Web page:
Wednesday, December 9, 2009

Home-Made Christmas II

This Christmas season, create unique and fashionable clothing pieces for your friends and family using scraps around the house. Not only will you save money, but you’ll be able to tailor to your loved ones’ different personalities and styles from the comfort of your home. You can match them to the fabrics you used for your homemade belts from the last session or start anew! Once again, Lisa (Schwabauer) Poblenz ’02 shows us how . . .

Appliqué Shirts

Ever feel like your stash of T-shirts is getting a little boring? That’s what got me started using appliqués for T-shirt embellishment. The great thing is that these shirts make fun and unique gifts, and you can apply this skill to other fabric items too.


• A T-shirt, new or used (I’ve typically used 100% cotton).
• Fusible webbing like Stitch Witchery (This can usually be bought very inexpensively by the yard).
• Fabric to make the appliqué shapes with—knit and woven fabric will both work well; the amount depends on the size and number of shapes you plan to put on the shirt; ¼ yard is probably a good place to start, or you can use scrap fabric or scrap T-shirts for material.
• Matching or contrasting thread, as you desire, to go around the outside of the appliquéd shapes if you are machine sewing; thread or embroidery floss for hand sewing (You choose which way you’ll want to attach the pieces).
• Template to make shapes or a sketchbook, pencil and eraser to draw your own shapes.
• Transfer paper to transfer your designs onto your heavy paper (optional).
• Heavy paper (like cardstock) or thin cardboard (an empty cereal box is thick enough) to draw on and cut your shapes out of.
• Pencil, pen or marker to draw your shapes with.
• Separate scissors for paper and fabric (don’t use your fabric scissors to cut paper; it will make them dull faster).
• Iron and ironing board.
• Sewing machine or hand sewing/embroidery needle.


• Machine wash and dry all fabric. Make sure you don’t use a fabric softener sheet in the dryer with your fabric or T-shirts (It can keep fusible interfacing from adhering, should you need it in the future, and may interfere with the fusible webbing adhering as well).
• Prepare your templates. Draw out whatever shapes you want to use to your satisfaction in a sketchbook or find shapes to trace (I’m including a few with these directions). Then cut out your shapes and trace onto your cardstock or cardboard, or use your transfer paper to trace the designs onto your cardstock or cardboard. Cut out your templates from the cardstock/cardboard.
• Using the templates you’ve just made, trace your designs onto the dull side of the fusible webbing. The dull side is the one that feels most like normal paper.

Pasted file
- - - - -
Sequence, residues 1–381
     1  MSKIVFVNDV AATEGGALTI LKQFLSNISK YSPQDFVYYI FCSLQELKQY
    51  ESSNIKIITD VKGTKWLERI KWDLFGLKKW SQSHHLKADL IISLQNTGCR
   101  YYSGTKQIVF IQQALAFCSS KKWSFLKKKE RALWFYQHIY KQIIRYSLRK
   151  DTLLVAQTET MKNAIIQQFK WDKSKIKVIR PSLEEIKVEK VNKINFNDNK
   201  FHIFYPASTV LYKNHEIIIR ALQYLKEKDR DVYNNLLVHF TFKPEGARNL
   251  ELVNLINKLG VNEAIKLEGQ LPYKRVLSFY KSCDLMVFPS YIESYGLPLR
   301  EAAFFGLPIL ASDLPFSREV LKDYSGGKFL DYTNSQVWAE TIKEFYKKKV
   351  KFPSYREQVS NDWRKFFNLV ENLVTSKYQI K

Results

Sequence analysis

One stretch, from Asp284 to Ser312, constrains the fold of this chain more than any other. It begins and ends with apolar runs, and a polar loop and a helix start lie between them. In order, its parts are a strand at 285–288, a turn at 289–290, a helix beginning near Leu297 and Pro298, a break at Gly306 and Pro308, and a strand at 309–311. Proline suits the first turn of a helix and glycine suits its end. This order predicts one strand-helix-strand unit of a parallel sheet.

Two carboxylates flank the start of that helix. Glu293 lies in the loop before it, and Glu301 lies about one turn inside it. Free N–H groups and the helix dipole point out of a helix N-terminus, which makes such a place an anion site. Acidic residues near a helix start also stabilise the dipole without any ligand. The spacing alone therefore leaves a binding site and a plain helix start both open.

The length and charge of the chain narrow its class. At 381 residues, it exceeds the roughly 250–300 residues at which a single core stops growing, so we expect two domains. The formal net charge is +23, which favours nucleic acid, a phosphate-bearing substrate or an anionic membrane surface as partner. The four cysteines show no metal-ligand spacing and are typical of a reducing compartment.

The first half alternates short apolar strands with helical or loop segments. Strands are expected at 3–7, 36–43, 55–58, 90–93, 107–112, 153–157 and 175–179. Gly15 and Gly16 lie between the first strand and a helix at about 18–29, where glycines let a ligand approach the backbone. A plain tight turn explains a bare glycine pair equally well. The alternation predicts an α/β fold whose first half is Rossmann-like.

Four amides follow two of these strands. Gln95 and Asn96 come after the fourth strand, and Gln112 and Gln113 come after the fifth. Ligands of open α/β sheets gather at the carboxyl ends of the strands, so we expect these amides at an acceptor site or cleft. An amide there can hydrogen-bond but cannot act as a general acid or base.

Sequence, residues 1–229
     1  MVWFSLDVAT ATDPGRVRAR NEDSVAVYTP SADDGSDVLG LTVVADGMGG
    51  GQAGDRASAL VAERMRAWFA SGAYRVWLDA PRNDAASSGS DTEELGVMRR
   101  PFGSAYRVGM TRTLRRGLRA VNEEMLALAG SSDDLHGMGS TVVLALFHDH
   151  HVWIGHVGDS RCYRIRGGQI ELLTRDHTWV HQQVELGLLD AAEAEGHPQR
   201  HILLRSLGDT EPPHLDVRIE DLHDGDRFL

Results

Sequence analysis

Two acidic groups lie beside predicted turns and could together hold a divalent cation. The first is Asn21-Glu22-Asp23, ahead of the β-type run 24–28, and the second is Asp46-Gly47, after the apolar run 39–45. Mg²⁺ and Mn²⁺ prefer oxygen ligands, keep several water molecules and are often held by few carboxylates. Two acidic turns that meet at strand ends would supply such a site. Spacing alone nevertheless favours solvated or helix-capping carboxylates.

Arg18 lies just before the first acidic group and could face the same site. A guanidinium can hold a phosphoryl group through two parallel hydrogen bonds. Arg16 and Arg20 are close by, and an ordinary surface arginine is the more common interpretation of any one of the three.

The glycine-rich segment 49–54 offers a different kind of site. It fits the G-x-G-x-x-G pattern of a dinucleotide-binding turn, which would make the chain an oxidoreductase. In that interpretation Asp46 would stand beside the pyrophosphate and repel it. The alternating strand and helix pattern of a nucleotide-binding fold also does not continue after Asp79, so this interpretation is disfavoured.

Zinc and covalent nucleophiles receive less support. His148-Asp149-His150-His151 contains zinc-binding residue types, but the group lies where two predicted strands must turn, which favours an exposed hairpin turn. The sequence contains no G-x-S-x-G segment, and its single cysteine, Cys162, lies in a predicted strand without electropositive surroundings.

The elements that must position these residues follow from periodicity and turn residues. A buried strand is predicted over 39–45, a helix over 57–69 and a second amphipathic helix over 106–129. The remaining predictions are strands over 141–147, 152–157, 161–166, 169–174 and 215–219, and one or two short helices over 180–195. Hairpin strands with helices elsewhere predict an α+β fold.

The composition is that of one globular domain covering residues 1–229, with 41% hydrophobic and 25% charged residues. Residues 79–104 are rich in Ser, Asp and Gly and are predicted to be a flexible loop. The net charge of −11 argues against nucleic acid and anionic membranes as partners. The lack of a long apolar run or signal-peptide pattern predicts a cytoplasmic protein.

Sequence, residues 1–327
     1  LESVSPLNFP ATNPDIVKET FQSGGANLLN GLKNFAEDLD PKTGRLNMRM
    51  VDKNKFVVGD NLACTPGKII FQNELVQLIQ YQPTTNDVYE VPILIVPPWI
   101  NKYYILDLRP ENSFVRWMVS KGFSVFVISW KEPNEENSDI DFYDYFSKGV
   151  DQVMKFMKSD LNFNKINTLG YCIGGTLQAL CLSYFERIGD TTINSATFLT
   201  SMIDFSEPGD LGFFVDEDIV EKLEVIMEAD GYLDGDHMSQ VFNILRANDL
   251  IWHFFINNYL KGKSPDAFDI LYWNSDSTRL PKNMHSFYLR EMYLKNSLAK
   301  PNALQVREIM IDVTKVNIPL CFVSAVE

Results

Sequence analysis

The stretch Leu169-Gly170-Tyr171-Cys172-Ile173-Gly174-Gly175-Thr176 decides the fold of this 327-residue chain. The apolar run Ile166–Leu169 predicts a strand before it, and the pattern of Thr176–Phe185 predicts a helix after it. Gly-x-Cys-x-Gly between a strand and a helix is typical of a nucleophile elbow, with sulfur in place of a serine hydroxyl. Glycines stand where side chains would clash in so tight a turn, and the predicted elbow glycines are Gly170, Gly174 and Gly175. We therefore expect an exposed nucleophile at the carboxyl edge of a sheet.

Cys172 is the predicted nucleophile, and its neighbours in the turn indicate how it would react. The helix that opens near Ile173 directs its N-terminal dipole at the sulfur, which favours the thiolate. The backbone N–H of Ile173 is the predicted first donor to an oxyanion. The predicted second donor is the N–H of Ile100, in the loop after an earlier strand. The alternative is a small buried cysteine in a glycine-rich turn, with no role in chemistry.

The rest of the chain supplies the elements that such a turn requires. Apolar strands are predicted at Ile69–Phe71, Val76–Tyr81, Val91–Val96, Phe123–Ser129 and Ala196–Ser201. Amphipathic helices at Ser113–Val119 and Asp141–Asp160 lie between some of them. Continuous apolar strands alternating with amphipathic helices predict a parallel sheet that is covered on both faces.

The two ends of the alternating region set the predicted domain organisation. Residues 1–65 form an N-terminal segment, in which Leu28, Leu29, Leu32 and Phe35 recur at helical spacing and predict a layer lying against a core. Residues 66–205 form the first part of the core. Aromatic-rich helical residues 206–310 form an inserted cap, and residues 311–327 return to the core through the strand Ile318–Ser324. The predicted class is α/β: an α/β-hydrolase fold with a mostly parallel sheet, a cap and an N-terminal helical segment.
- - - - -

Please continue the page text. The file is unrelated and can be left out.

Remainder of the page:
• Cut out the general shape of each design from the fusible webbing using your paper scissors. You don’t have to bother with cutting it out exactly just yet.
• Attach the fusible webbing to your fabric. Turn on your iron to the cotton setting. While it is heating, position the pieces of fusible web with the designs on them onto your fabric with the dull side of the fusible web (the side you drew on) up and the shinier, smoother side down on the wrong side of the fabric. Then, iron over them. They should adhere to your fabric. If they don’t, run the iron over them again, letting it rest on top of each design for a few seconds. Once they are staying on reasonably well, let them cool.
• Cut out the appliqué patches. Using your fabric scissors, cut out your shapes exactly from the fabric and fusible webbing that you’ve ironed together.
• Attach your appliqué pieces to your T-shirt. Arrange your appliqué pieces as you’d like them on your T-shirt. One thing to consider is that if you will be using a sewing machine to stitch them to your shirt, it will be very hard to stitch in the sleeves, so you’ll have an easier time if you stick to the body of the shirt. Once you have the pieces all arranged, peel off the paper from the back of your fabric pieces. The back should now have a surface on it that can be ironed onto your shirt. Iron the pieces onto your shirt.
• Let the pieces cool for a few minutes.
• Sew/embroider around the edges of your pieces. To ensure that your pieces stay in place permanently on the shirt, you’ll want to sew around the outside of each one using a decorative stitch or a zigzag stitch on your machine. Instead of this, you can also choose to hand embroider around each piece. I’ve always used the machine for speed, but you should choose what will fit your skills and sense of style best.

You’re all finished! Now you have a unique shirt to give (or keep).

To see more of Lisa's work, visit

1 comment:

Heidi said...

This is SUCH a great idea and having seen some of your own t-shirts, I know how great they turn out. I'm excited to try this on a shirt that I really love that has developed a couple of tiny holes. Thanks also for the inspiration for homemade gifts. I love that your ideas are heartfelt and green.
xoxo, heidi